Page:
Sunday, May 10, 2009

New York City Bar hosts panel discussion on efforts to legalize same-sex marriage in New York

05/10/09 Gender and Sexuality Law Blog:

Columbia University law professor Katherine M. Franke posts a link to the New York Times account of the 5/07/09 panel discussion in which she and law professor Arthur Leonard participated. Other panelists included Roberta A. Kaplan, a lawyer for the plaintiffs in Hernandez v. Robles, 855 N.E.2d 1 (N.Y. 2006); Susan L. Sommer, a lawyer at Lambda Legal, who also worked on the Hernandez case; and David A. Weinstein, a legal adviser to New York Governor David Patterson.

Franke questions emphasis on the dignity associated with the right to marry, especially in the context of state Supreme Courts that have identified not just autonomy, but dignity as reasons why the right is a fundamental right. She worries that the "dignity argument" implies that "that there is some kind of lack of dignity, respectability, for those who live outside the institution of marriage."

05/11/09 WordInEdgewise:

Is Franke right that the "dignity argument" implies a lack of respect for families based on non-marrital relationships?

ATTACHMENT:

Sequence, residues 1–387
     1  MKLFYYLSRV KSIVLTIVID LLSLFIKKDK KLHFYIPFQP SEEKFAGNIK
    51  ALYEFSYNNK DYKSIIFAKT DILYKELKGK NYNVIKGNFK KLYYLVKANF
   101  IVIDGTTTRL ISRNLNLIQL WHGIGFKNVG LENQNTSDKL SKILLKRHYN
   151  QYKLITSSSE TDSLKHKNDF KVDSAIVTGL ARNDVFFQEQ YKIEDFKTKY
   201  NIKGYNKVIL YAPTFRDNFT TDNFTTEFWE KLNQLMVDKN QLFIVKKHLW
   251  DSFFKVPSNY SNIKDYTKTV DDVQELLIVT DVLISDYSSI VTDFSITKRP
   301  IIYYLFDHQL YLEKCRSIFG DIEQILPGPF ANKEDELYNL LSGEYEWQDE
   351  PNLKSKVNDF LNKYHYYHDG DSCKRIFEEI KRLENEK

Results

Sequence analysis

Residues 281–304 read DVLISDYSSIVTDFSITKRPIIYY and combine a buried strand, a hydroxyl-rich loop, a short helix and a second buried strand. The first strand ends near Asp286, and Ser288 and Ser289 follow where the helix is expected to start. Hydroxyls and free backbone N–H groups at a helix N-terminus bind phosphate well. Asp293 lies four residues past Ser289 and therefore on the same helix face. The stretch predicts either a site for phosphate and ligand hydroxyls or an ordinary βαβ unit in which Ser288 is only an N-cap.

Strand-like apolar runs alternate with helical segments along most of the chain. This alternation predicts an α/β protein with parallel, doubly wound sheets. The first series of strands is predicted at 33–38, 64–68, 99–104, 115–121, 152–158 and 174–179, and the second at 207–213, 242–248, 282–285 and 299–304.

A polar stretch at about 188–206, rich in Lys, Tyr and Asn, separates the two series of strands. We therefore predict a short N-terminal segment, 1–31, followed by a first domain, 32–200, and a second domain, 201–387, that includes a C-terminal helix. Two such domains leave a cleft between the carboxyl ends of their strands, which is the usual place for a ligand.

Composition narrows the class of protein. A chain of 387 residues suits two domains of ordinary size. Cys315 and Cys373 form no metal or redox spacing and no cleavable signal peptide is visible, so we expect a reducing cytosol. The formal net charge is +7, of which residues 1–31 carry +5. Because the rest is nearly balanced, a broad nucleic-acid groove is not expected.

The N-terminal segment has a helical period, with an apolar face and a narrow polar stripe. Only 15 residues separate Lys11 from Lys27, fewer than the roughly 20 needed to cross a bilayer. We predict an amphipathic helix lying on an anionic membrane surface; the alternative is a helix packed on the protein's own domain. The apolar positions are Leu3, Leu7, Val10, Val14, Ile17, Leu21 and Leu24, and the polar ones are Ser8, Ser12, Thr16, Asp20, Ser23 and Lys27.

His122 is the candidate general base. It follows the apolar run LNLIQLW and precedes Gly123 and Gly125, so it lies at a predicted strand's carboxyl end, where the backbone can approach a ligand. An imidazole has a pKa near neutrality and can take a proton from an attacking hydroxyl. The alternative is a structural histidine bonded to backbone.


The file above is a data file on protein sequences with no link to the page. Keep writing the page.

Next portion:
Widener Law Professor John Culhane does not directly address this question. On his account, Franke overlooks the fact that the Massachusetts and California Supreme Courts "expressly connected fundamental rights and equality." He underscores the connection that the California Supreme Court made between the fundamental character of the right to marry, dignity, and equality. The Court found that domestic partnerships could not be "separate-but-equal" to marriage, because domestic partners did not enjoy dignity equal to that of spouses. Perhaps a future court will consider whether equal claims of dignity entitle certain other non-married families to the same legal status now reserved to "marriage" - and even whether the civil institution identified as "marriage" should instead be identified by some other name. (In fact, during the Prop. 8 oral arguments, Justice Ming Chin had asked Kenneth Starr whether the renaming proposal would provide equal protection to same sex couples, and whether the Court could order it.) But, Culhane says, "it’s worth remembering that courts can and do only address the controversy before them; in so doing, they’re right to insist that likes be treated as likes, and to fuse the related pillars of equality and basic rights."

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